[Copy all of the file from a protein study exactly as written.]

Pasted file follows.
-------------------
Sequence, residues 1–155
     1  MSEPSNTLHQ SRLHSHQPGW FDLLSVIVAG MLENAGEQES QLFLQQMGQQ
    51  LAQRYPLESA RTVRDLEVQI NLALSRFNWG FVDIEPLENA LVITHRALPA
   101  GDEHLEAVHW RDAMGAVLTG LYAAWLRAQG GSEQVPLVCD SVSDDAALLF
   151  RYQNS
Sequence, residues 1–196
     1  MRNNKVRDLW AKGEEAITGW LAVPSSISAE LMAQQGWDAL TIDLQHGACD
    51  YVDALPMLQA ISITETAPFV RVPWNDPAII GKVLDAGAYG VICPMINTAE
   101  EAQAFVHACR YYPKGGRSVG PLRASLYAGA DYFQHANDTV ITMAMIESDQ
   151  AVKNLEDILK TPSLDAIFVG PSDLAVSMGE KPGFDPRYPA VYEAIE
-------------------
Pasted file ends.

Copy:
Sequence, residues 1–155
     1  MSEPSNTLHQ SRLHSHQPGW FDLLSVIVAG MLENAGEQES QLFLQQMGQQ
    51  LAQRYPLESA RTVRDLEVQI NLALSRFNWG FVDIEPLENA LVITHRALPA
   101  GDEHLEAVHW RDAMGAVLTG LYAAWLRAQG GSEQVPLVCD SVSDDAALLF
   151  RYQNS
Sequence, residues 1–196
     1  MRNNKVRDLW AKGEEAITGW LAVPSSISAE LMAQQGWDAL TIDLQHGACD
    51  YVDALPMLQA ISITETAPFV RVPWNDPAII GKVLDAGAYG VICPMINTAE
   101  EAQAFVHACR YYPKGGRSVG PLRASLYAGA DYFQHANDTV ITMAMIESDQ
   151  AVKNLEDILK TPSLDAIFVG PSDLAVSMGE KPGFDPRYPA VYEAIE